From time to time it is helpful to think hard about Indiana’s manufacturing economy—what’s been happening to it, where it is going and what the future may hold. This is an election year, which brings with it a series of sordid untruths that need to be rectified. Moreover, the response to the COVID-19 pandemic holds a long-term prognosis for factory production and employment in Indiana.
To begin, I want to slay the biggest myth that surrounds the manufacturing industry, which is that it is in decline. With the exception of a recession, the trend has been inexorably positive. In inflation-adjusted dollars, factory production in the United States peaked in 2019. However, factory employment has been declining since 1979.
Last year, we in the U.S. produced 170 percent more manufactured goods than we did in 1979 (when employment peaked), but we did so with 37 percent fewer employees. Back in 1979, when factories were at peak employment, it required 17.28 workers to product one million dollars’ worth of goods in today’s dollars. Last year, American factories needed only 6.25 workers to product the same one million dollars’ worth of goods. The name we’ve coined for this phenomenon is ‘economic growth.’
The story for Indiana is similar. GDP growth in manufacturing has been slower than the nation as newer factories opened outside the Rustbelt. Still, the growth in average worker productivity has been similar over the past four decades.
Among the fastest shocks to productivity happened in the early 2000s. During this time, U.S. imports rose, and factories became far more productive. From 2000 to 2007, U.S. factory productivity grew an average of 2.7 percent a year. That was faster than in the 1990s, which saw a 1.0 percent average annual growth in labor productivity. But, from 2010 to 2018, the average productivity growth was zero percent per year.
If demand for goods grows faster than productivity, factories are forced to add workers. When productivity grows faster than the demand for goods, they shed employees. So, the early 2000s saw a rapid loss of factory jobs, while we’ve seen steady growth in factory employment from 2010 to 2018. In fact, in Indiana, factory employment grew steadily over a nine-year period for perhaps the first time in our state’s history. Just as things were going well, Mr. Trump decided it was time for a trade war.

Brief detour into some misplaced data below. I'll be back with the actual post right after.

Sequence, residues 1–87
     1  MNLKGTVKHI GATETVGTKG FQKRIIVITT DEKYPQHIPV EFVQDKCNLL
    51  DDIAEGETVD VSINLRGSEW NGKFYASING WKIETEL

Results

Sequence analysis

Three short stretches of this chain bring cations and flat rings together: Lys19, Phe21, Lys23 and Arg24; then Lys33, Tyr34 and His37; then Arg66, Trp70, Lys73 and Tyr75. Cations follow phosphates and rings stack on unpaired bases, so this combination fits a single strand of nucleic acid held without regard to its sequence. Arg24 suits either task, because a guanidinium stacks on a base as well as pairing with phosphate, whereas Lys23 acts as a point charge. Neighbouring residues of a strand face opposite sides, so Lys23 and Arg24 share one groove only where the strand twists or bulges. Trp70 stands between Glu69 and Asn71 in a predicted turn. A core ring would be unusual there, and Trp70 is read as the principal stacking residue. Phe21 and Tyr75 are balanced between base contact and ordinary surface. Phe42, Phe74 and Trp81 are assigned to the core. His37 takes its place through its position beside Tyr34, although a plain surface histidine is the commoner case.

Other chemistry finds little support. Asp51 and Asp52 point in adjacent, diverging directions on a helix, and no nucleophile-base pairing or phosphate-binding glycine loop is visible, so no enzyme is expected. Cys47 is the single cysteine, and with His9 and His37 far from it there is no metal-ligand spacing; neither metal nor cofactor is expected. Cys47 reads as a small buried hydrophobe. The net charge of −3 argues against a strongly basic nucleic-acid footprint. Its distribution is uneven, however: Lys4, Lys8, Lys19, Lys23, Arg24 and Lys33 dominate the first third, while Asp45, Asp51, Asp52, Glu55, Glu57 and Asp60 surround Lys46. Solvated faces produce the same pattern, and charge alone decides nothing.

The trade war began in earnest in March 2018 and ended the steady growth of factory employment that characterized the recovery following the Great Recession. Goods produced in Indiana were most heavily affected by tariffs and retaliation by our trading partners. Last year was disastrous for Indiana manufacturing. By January 2020, the last month before the COVID recession, Indiana had lost 5,300 factory jobs to the trade war.
Along with most other Midwestern states, the deeply ill-considered trade war with China plunged Indiana into a near recession before COVID made it to the United States. Since then, the situation worsened significantly. Since February, Indiana has lost a further 34,000 factory jobs. The biggest drop-off came in the early days of the pandemic. The job losses fortunately contained a number of short-term layoffs. Since April, about 60 percent of those workers have been recalled, but the recovery has stalled. It seems likely that a significant share of these jobs are permanently lost.
Part of those job losses in Indiana are due to shifts in the mix of manufactured goods Americans buy. Here in Indiana, we produce a wide array of goods, but are over-represented in sectors that face declining demand due to COVID. For example, automobile and transportation equipment experienced a deep decline in the past few months. While some of that will recover, there are reasons to believe employment may not.
American factories are overdue for a period of productivity growth. While that may not happen, there are signs that we are in the beginning stages of one. First, productivity growth tends to come in cycles, as some new technology or production process replaces older ones. This doesn’t have to be associated with some new technology, in fact there is typically a long lag between new technologies and their application to production. So, pretty mundane technologies ranging from expansions to basic automation and more effective digital inventory systems could boost productivity.
The response to COVID has cut borrowing costs to as close to zero as is possible, making new investments in technology far less costly. This alone would make investment in people less attractive than investment in capital.
Economic downturns tend to impact the least productive firms in any sector. So, permanent job losses tend to be concentrated in the least productive factories. This alone boosts overall productivity. Even if a new factory takes the place of a closed facility, it is certain to produce more, with fewer workers.
In short, manufacturing employment seems unlikely to rebound strongly from where it sits in late September 2020. Even if the effects of COVID disappear entirely, it is likely the four-decade trend of declining factory employment in Indiana will continue to affect our economic landscape through the foreseeable future.
Michael J. Hicks is the director of the Center for Business and Economic Research and an associate professor of economics in the Miller College of Business at Ball State University. Send comments to firstname.lastname@example.org.